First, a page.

"Now What a Time":
Blues, Gospel, and the Fort Valley Music Festivals,
The sky, lazily disdaining to pursue
The setting sun, too indolent to hold
A lengthened tournament for flashing gold,
Passively darkens for night’s barbecue,
A feast of moon and men and barking hounds,
An orgy for some genius of the South
With blood-hot eyes and cane-lipped scented mouth,
Surprised in making folk-songs from soul sounds.
--Jean Toomer, “Georgia Dusk”
The United States Congress has declared 2003 the year of the blues—in part because W.C. Handy “discovered” an itinerant Mississippi slide guitarist in 1903. Thus, it is appropriate that we now turn our attention to "Now What a Time": Blues, Gospel, and the Fort Valley Music Festivals, 1938-1943, which offers access to an archive of African-American folk music (mostly blues and gospel) recorded by African-American professors. This multimedia website contains:
- Approximately 100 sound recordings of blues and gospel songs, which can be streamed through a media player or downloaded as mp3 files (the MP3 Format is the default in the archive; if that won't play for you, click on Additional Audio Formats, and you will find a link for Real Audio [RealPlayer])
- Biographies of the professors who recorded the music and a historical essay by Bruce Bastin on “noncommercial” recordings made in the 1940s
Unlike "field" recordings made by white ethnomusicologists in artificial environments, the performances on this website were captured at a “black folk music festival run entirely by blacks” (Bastin). As a result, this archive allows visitors to eavesdrop on an African-American community singing and speaking to itself.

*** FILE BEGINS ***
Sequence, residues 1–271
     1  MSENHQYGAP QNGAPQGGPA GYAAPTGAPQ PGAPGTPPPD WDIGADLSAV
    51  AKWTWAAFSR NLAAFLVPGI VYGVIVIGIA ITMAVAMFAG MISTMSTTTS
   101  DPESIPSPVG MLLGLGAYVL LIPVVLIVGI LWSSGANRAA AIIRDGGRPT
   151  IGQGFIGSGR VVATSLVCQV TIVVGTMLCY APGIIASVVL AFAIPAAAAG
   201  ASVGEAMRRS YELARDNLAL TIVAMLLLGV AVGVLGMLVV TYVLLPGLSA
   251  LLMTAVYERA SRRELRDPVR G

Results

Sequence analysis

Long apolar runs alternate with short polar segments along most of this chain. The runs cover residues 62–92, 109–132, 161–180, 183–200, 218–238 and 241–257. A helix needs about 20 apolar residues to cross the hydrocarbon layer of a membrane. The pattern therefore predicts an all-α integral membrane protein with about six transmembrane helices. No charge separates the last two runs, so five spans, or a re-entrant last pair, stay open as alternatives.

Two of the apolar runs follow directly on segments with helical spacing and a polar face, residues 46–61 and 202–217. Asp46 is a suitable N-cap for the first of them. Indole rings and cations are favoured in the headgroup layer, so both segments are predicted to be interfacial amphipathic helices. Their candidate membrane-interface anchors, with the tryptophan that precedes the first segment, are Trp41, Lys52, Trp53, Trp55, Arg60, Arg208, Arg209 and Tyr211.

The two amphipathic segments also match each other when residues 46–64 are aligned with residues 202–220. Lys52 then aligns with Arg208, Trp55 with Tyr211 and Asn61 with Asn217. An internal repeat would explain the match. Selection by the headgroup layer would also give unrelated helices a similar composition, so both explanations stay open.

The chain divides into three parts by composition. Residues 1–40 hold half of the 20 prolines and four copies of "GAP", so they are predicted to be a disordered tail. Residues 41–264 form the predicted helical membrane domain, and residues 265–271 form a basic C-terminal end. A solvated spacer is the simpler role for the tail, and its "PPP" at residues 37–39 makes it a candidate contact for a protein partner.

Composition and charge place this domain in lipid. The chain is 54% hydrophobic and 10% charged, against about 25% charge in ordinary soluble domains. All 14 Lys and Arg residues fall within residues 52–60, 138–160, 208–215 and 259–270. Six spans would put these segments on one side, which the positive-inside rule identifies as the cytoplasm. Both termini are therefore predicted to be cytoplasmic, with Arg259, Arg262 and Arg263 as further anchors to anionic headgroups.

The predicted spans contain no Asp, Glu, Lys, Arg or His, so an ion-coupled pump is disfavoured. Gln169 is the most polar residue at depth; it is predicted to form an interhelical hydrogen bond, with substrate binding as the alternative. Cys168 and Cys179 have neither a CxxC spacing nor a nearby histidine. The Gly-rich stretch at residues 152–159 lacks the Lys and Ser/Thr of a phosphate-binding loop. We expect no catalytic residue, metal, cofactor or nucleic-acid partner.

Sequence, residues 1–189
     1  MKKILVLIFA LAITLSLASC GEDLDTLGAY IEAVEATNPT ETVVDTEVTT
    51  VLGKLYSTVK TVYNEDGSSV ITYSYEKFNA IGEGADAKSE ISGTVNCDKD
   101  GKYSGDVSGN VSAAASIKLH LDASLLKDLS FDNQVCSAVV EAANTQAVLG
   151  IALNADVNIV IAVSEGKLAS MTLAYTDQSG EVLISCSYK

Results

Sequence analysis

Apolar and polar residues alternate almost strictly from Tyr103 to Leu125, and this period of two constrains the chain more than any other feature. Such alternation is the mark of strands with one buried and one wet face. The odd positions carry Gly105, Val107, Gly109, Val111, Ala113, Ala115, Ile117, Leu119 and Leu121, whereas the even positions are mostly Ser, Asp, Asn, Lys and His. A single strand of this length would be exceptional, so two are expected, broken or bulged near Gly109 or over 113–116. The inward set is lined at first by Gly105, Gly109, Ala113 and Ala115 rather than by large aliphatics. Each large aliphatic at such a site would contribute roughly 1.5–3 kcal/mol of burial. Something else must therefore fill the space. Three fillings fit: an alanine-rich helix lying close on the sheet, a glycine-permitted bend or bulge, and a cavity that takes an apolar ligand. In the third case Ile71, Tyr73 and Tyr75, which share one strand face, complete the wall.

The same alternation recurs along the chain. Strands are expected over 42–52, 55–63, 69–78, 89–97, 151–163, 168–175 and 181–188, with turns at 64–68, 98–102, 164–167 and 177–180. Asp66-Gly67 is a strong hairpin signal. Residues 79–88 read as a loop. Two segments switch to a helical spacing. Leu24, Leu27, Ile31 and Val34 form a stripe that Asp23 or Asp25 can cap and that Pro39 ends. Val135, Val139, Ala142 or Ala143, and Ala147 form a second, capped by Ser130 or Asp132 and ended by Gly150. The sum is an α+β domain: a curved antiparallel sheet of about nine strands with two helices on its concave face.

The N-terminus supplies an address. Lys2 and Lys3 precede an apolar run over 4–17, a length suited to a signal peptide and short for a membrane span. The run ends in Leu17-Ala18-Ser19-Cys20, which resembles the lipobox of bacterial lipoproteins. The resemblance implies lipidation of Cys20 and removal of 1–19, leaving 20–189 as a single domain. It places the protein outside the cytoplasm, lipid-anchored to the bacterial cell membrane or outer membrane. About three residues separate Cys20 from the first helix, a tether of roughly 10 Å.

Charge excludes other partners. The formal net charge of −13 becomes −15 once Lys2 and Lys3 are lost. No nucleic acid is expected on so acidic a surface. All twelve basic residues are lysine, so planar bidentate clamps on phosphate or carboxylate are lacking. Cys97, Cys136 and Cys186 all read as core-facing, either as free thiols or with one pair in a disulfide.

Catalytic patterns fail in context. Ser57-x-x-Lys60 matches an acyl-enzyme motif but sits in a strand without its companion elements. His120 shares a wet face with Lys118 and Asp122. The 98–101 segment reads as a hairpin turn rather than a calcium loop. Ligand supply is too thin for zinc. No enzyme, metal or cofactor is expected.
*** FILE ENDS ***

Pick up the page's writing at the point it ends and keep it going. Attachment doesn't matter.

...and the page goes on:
- Letters and other manuscripts pertaining to the festivals
Discussions on African-American folk music have often focused on two claims:Both claims are undoubtedly true, but overemphasizing them has led to a distorted view of African-American folk culture. This music is more than a precursor to other forms of music (specifically rock and roll) that have become popular in our larger, white-dominated society.
- the roots of all popular American music can be found in African-American blues and gospel music
- African-Americans have expressed their anger and discontent through these musical outlets.
Blues and gospel music has served a variety of functions within the African-American community. Moreover, the performance of this music is more than group commiseration; rather, it evokes a full range of emotions that reflect complicated responses to racism and oppression.
In this unit, you will encounter music that may sound strange and alien to you. Whereas T.V. documentaries and archival CDs are packaged for general consumption, the "Now What a Time" website has not been pre-cooked to make it palatable to new listeners. This week’s challenges will include making sense of these musical sounds and placing them into their historical context. You may decide that you have acquired a taste for this music, or you may decide it’s not your cup of tea. Either way, I hope you will begin to grasp the complexity of African-American folk culture.
This week your assignment will be:
- to listen to several hours of music from the past
- to be an historian
- and to construct your own historical presentation of authentic African-American folk music
And we owe it to history to try to understand the truth about how the music grew and evolved, not to create romantic fictions about prisons, misery, and Devils at the crossroads. --Elijah Wald, “Respecting the Blues Makers” in Living Blues Magazine